Agamemnon (page 674)

Chapter 17, The Return from Troy

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Aischylos, Agamemnon 1126-29

She has caught him in the robe (peploi) and gores him with the crafty device of her black horn! He falls in a vessel of water! It is of doom wrought by guile in a murderous bath that I am telling you.  Greek Text

Aischylos, Agamemnon 1381-92

Round him, as if to catch a haul of fish, I cast an impassable net—fatal wealth of robe—so that he should neither escape nor ward off doom. Twice I struck him, and with two groans [1385] his limbs relaxed. Once he had fallen, I dealt him yet a third stroke to grace my prayer to the infernal Zeus, the savior of the dead. Fallen thus, he gasped away his life, and as he breathed forth quick spurts of blood, [1390] he struck me with dark drops of gory dew; while I rejoiced no less than the sown earth is gladdened in heaven’s refreshing rain at the birthtime of the flower buds.  Greek Text

Aischylos, Choephoroi 1011

dyed by Aegisthus’ sword  Greek Text

Homer, Odyssey 11.421-24

But the most piteous cry that I heard was that of the daughter of Priam, Cassandra, whom guileful Clytemnestra slew by my side. And I sought to raise my hands and smite down the murderess, dying though I was, pierced through with the sword.  Greek Text

Aischylos, Agamemnon 877-85

It is for this reason, in fact, that our boy, Orestes, does not stand here beside me, as he should—he in whom rest the pledges of my love and yours. Nor should you think this strange. [880] For he is in the protecting care of our well-intentioned ally, Strophius of Phocis, who warned me of trouble on two scores—your own peril beneath Ilium‘s walls, and then the chance that the people in clamorous revolt might overturn the Council, as it is natural [885] for men to trample all the more upon the fallen.  Greek Text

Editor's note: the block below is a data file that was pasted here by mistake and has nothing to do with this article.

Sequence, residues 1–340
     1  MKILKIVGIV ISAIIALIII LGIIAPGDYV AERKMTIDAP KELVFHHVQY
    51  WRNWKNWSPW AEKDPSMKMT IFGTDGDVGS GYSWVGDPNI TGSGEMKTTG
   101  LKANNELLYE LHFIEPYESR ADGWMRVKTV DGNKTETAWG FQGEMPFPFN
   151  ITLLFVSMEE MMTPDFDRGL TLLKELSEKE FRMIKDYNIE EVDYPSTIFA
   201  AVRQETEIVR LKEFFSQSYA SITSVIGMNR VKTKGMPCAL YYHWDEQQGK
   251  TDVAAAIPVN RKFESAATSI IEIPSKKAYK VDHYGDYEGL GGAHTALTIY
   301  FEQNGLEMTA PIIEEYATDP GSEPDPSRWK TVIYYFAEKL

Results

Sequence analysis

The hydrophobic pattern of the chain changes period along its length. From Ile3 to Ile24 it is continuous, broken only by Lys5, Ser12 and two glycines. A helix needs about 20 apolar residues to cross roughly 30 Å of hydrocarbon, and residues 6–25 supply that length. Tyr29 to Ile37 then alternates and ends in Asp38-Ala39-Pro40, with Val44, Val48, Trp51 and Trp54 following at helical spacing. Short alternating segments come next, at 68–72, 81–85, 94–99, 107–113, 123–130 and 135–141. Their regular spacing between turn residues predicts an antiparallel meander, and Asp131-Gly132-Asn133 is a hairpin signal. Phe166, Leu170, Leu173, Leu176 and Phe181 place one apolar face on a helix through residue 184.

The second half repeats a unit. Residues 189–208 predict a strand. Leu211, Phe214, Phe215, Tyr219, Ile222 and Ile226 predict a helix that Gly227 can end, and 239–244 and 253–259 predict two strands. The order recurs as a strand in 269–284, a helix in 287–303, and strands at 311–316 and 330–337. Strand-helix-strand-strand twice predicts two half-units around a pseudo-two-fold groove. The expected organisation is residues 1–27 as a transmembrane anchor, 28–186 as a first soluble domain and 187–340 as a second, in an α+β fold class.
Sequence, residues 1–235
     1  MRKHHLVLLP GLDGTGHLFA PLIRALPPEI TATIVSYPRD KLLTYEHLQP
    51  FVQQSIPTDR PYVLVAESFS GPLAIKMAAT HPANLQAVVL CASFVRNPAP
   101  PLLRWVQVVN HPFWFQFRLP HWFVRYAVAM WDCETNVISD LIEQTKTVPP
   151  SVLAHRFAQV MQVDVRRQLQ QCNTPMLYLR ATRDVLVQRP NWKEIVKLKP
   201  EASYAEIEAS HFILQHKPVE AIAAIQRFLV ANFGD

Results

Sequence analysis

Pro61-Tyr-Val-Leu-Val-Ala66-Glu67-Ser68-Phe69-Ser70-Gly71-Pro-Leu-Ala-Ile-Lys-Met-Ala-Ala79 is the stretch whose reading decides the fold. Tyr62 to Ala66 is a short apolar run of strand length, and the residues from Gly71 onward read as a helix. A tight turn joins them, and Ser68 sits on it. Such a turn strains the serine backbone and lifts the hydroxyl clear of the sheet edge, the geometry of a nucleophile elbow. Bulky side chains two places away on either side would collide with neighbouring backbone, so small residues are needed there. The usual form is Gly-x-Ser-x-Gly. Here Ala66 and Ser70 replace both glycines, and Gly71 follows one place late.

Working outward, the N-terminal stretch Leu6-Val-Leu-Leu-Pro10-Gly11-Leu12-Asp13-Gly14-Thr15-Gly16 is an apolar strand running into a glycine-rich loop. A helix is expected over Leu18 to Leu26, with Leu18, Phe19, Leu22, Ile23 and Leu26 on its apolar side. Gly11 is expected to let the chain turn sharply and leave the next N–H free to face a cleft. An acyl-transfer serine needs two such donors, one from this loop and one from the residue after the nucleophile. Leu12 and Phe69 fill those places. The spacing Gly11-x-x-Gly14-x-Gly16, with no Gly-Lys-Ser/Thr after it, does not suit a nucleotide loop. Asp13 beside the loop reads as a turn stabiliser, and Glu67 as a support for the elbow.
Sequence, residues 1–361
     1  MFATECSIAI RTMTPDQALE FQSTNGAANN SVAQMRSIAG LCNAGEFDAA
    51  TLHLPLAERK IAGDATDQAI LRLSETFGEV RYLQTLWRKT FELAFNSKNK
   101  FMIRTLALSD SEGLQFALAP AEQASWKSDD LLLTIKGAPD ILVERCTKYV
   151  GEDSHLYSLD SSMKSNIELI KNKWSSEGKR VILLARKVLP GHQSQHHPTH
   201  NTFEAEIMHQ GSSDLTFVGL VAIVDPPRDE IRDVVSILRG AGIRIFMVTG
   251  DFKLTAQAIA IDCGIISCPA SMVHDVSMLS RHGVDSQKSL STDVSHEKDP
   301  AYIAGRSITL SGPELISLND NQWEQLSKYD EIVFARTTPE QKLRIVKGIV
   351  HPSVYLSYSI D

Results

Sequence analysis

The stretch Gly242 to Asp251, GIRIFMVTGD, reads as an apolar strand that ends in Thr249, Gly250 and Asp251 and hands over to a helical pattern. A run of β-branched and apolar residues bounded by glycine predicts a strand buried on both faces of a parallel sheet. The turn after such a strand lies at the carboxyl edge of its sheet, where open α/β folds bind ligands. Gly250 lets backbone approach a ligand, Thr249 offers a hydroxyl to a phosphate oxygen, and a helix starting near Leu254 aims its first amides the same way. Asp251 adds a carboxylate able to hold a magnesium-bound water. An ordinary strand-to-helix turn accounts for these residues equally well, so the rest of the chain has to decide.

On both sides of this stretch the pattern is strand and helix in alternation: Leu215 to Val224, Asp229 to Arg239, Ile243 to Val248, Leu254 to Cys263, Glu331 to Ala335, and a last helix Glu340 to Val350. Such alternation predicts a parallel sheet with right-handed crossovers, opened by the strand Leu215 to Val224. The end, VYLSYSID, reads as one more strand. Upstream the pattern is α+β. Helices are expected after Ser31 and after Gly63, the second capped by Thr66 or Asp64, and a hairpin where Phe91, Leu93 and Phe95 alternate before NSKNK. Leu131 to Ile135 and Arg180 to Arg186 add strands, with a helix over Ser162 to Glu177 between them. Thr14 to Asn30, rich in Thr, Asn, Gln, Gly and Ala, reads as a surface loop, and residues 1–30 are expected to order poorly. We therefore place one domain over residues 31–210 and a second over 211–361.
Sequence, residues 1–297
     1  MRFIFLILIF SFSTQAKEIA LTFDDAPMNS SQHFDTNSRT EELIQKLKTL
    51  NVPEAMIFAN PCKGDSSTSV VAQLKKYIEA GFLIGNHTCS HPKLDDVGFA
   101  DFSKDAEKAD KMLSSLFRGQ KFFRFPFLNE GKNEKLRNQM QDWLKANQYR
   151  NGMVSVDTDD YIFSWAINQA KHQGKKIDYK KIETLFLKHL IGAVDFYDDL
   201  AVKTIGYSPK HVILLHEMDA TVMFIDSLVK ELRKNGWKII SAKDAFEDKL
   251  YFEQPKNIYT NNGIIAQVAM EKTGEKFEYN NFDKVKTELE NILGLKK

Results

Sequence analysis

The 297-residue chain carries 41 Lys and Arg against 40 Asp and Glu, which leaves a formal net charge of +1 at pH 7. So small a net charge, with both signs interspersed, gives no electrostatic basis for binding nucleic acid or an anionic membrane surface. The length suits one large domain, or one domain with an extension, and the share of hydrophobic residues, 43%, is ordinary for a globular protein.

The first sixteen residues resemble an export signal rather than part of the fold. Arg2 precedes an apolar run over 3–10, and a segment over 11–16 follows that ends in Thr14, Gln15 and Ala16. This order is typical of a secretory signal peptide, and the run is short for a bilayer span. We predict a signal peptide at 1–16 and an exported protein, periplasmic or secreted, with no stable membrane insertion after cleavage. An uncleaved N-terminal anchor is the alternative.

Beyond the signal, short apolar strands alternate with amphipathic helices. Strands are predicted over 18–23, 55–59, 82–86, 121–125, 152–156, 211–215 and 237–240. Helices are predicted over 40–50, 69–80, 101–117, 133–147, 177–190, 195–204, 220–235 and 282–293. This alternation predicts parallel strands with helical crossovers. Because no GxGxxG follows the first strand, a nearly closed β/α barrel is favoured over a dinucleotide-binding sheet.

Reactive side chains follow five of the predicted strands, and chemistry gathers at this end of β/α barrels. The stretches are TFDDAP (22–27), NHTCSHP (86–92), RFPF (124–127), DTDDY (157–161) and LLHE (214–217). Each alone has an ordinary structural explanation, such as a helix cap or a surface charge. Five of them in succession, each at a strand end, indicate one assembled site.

Aischylos, Agamemnon 1625-27

Woman that you are! Skulking at home and awaiting the return of the men from war, all the while defiling a hero’s bed, did you contrive this death against a warrior chief?  Greek Text

Aischylos, Agamemnon 1633-37

As if you would ever truly be my master here in Argos, you who did contrive our king’s death, and [1635] then had not the courage to do this deed of murder with your own hand!

Because to ensnare him was clearly the woman’s part; I was suspect as his enemy of old.  Greek Text


Edited by Elena Bianchelli, Retired Senior Lecturer of Classical Languages and Culture, Univ. of Georgia, February 2023

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